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Program Aims To Improve Teens Self Esteem

By: Heather Haley Email
By: Heather Haley Email

A new anti-drug program in Eastern Kentucky aims at boosting the self esteem of teens. The group hopes to teach kids to not judge what they see in the mirror.

Mirror Mirror is a program designed to keep teens away from drugs and alcohol by helping them realize their full potential.

"It's all about playing to our strengths and it's not about what you don't have, it's about what you do with what you've got," said Mirror Mirror Creator Jason Creech.

Creech is a youth pastor in Middlesboro and the creator of the new anti-drug program.

"It's not boring like other ones just telling you not to do drugs and drink," said 7th grader Taylor Moyers.

Creech says he visited 20 schools so far teaching teens not to judge each other nor themselves.

"They just talk to each other mean sometimes, just talk about how they look, at this level it seems to be a lot worse than others," said Middlesboro Middle School Principal Steve Spangler.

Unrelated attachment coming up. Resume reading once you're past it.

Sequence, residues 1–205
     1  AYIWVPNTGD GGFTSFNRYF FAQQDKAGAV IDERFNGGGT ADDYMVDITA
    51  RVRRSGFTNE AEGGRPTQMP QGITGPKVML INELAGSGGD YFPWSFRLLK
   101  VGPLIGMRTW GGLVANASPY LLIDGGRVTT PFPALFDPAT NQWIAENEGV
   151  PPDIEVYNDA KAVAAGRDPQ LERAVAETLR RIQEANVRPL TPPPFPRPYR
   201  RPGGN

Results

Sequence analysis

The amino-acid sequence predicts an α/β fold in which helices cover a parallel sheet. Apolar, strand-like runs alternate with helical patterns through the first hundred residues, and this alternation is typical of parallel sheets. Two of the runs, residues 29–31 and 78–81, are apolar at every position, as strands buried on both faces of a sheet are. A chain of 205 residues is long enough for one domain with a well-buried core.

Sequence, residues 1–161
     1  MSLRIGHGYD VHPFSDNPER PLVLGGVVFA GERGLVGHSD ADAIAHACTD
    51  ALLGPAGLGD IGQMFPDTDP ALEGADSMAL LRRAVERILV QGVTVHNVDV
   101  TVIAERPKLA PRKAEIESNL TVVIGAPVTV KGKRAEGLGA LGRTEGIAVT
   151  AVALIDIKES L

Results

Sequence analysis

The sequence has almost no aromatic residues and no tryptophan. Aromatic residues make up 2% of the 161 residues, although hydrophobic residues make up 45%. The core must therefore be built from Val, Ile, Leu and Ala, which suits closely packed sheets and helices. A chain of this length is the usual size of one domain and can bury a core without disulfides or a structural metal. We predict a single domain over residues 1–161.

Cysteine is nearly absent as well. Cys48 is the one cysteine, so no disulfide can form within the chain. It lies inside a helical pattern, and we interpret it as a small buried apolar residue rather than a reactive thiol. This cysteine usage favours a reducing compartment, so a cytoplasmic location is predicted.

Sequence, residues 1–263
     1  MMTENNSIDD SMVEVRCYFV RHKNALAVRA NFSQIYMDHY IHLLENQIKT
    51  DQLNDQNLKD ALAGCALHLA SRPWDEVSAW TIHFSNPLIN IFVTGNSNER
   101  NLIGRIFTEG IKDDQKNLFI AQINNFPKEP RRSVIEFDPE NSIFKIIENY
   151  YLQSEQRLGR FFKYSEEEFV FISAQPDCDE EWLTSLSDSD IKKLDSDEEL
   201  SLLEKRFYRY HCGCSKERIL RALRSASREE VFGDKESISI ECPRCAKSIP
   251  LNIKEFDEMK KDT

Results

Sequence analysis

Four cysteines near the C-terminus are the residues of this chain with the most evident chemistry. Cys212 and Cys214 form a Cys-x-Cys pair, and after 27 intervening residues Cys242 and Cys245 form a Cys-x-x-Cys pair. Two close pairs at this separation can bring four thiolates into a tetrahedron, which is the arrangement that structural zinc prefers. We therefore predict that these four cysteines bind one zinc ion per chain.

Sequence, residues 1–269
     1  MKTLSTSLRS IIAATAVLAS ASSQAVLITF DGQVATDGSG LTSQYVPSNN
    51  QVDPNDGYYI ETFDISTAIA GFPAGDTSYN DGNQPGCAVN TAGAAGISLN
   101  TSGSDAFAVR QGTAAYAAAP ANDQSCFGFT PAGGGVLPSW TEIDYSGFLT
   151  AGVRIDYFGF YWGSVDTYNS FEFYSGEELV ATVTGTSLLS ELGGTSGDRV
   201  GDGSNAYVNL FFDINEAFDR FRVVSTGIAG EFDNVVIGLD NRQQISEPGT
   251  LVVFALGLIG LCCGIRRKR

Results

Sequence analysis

Spangler says he believes most kids have insecurities and some are very good at hiding it.

"I would love for them to walk away knowing that they were born to succeed there's no failures, there's no losers," Creech said.

Creech hopes students will walk away with a new found respect for people.

"Don't worry about what people think about your looks, worry about what they think about your attitude," said 8th grader Amanda Burns.

Creech says it's important for parents and teachers to help boost the self esteems of kids as early in life as possible.

For more information on the Mirror Mirror program, call 1-888-704-7214.


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